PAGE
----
However, when John replays for you and me his videos of the game, as it were, he doesn’t do it in chronological order, as if from the first play in the first quarter up through the last play in the fourth and final quarter. He jumps around, at one time describing events that occur in the second quarter and then something that happened in the first quarter and then plays that occurred in the fourth quarter. But in each case he concludes his video presentation and his written account by describing the last few minutes of the game when the winning team is known.

I believe John does this multiple times in Revelation. Some believe there are seven progressively parallel sections in which John describes this. Regardless of how many times it happens, the principle of recapitulation is the same. John describes the commonplaces of church history spanning the time between the two comings of Christ. By “commonplaces” I mean the conditions, circumstances, situations, and environments in which people find themselves between the two comings of Christ. As he finishes one section, concluding with the Second Coming of Christ and the end of history, he circles back around to start all over again at the start of the game. Once he concludes yet another journey he circles back around and recapitulates the same period of time from yet another vantage point.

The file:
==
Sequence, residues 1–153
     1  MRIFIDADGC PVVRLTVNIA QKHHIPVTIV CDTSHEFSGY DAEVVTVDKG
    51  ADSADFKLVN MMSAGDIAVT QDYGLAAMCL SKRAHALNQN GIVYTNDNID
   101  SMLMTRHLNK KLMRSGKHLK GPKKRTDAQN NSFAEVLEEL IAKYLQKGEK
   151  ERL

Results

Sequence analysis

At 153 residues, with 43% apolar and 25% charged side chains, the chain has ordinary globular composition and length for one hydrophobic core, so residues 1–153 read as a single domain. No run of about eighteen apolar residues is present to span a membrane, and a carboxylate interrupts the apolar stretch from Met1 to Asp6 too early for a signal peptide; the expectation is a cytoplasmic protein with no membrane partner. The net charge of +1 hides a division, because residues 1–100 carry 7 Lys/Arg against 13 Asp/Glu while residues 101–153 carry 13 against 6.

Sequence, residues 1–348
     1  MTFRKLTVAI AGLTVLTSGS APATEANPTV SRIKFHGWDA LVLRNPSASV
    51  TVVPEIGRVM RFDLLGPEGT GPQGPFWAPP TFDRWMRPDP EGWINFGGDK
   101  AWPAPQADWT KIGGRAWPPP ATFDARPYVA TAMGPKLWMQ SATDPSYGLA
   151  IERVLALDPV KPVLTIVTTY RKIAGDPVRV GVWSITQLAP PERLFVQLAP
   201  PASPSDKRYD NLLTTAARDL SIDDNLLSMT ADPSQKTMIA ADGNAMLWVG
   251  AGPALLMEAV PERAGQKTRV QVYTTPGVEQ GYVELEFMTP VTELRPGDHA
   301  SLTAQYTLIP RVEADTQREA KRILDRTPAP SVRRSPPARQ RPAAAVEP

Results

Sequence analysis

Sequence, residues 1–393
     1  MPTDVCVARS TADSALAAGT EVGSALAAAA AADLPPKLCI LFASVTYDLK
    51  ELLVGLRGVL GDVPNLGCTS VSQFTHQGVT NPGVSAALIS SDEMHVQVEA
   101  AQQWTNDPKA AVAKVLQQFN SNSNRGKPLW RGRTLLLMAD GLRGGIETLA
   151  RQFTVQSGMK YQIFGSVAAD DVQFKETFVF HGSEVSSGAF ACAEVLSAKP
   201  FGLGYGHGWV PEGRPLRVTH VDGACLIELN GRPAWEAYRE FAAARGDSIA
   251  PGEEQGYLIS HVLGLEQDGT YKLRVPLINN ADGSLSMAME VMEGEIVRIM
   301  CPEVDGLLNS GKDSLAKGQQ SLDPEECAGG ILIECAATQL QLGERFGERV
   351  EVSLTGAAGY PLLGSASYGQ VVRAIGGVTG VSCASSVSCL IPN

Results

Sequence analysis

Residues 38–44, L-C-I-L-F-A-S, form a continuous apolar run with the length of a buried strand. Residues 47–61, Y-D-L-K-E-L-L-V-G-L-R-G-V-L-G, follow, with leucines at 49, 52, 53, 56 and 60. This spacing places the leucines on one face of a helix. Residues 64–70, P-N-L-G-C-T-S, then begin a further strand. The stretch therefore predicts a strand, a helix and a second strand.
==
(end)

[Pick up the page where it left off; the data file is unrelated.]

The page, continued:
As you know, the book of Revelation is built around three series of seven judgments. There are seven seal judgments, followed by seven trumpet judgments, and finally seven bowl judgments. According to the principle of recapitulation, the seven seal judgments, together with the seven trumpet and bowl judgments, are descriptive of events throughout the course of history between the two advents of Jesus. The only difference in the way John portrays what is happening is that at one time he may describe a preliminary, introductory and somewhat moderate or limited aspect of God’s judgment, and then at another time portray that judgment in its more complete and devastating expression.

All three series of seven judgments (seals, trumpets, bowls) portray events and phenomena that occur repeatedly throughout the course of history between the first and second comings of Christ. All three series of seven judgments bring us to the consummation at the close of human history where we see the final judgment of unbelievers, the salvation and vindication of God’s people, and the full manifestation of the kingdom of Christ.